If I imagine the world in fashion in 100 years, I could think of very innovative materials that will show their impact as they might not stain anymore and have a self-cleaning effect. In an Huffington Post article from 2012, Mingce Long and Deyong Wu from Donghua University are mentioned “who have developed a fabric which could see washing machines replaced by a stint in the sun. The fabric makes use of a titanium dioxide and nitrogen coating which decomposes stains and kills microbes using light from the visible spectrum.”

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UK-based BioCouture, the world’s first biocreative design consultancy, is already investigating the use of microbial-cellulose to produce lab-grown clothing. New materials that could be used in clothing production might include fibers that can produce heat in winter and coolness in summer, so that you might be able to wear shorts in the cold season. Probably to go one step further and imagine the beauty industry, there might be clothes that have the ability to constantly speed up your metabolism so that just by wearing them you are loosing weight or have a treatment included that can cure skin problems or fight aging. That is a nice idea, don’t you think?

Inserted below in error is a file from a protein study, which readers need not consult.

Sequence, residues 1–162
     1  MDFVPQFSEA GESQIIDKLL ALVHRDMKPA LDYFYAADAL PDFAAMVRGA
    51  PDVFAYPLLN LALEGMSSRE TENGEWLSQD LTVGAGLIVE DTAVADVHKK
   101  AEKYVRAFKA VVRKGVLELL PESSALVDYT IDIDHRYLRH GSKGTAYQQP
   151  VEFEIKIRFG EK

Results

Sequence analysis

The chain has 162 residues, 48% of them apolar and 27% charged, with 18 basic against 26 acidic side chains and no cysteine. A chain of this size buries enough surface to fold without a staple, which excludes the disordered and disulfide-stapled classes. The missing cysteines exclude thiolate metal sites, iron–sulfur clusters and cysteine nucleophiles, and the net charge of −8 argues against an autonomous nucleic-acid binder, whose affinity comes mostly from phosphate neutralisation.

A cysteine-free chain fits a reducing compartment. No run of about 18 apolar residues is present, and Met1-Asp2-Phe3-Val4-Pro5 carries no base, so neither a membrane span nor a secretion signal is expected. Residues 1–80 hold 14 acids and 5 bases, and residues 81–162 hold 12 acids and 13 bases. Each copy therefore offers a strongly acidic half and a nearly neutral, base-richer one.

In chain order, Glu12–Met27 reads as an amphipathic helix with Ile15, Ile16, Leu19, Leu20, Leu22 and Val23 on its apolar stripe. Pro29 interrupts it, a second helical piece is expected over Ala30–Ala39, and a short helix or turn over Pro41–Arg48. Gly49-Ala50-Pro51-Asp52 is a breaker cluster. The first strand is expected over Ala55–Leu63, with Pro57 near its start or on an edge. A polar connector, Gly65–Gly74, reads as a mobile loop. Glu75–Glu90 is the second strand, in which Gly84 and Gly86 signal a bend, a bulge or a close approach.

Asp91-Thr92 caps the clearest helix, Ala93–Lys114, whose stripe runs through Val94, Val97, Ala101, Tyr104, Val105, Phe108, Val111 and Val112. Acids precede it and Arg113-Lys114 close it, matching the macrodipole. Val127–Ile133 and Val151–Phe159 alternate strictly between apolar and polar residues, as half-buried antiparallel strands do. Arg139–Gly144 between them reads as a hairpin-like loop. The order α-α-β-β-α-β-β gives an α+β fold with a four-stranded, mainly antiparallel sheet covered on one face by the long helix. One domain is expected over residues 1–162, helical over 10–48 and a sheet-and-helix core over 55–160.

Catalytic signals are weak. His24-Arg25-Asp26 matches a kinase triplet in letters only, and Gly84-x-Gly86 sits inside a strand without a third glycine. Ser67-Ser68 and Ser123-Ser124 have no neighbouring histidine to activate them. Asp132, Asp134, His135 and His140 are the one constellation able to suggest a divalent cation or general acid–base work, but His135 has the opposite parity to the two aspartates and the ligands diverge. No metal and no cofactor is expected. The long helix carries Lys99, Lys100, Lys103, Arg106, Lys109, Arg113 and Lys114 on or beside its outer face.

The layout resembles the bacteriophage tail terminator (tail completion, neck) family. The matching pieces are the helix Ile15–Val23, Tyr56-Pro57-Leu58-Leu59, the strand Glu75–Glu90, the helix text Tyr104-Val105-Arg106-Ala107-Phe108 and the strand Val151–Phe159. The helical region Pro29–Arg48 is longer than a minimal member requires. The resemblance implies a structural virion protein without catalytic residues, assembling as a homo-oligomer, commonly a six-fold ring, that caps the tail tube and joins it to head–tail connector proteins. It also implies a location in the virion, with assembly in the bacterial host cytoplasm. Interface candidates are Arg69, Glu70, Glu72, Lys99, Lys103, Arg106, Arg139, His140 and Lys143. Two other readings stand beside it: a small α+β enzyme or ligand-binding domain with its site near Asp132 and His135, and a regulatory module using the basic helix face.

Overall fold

There might be machines in which we put our faces inside in the morning that will apply makeup by themselves. I would miss the fun of putting on my favorite beauty products in the morning though, but I know a gazillion of my girlfriends who would be in heaven with a machine like that.

But who could be the Coco Chanel of today, meaning a designer that will be remembered for his or her changes?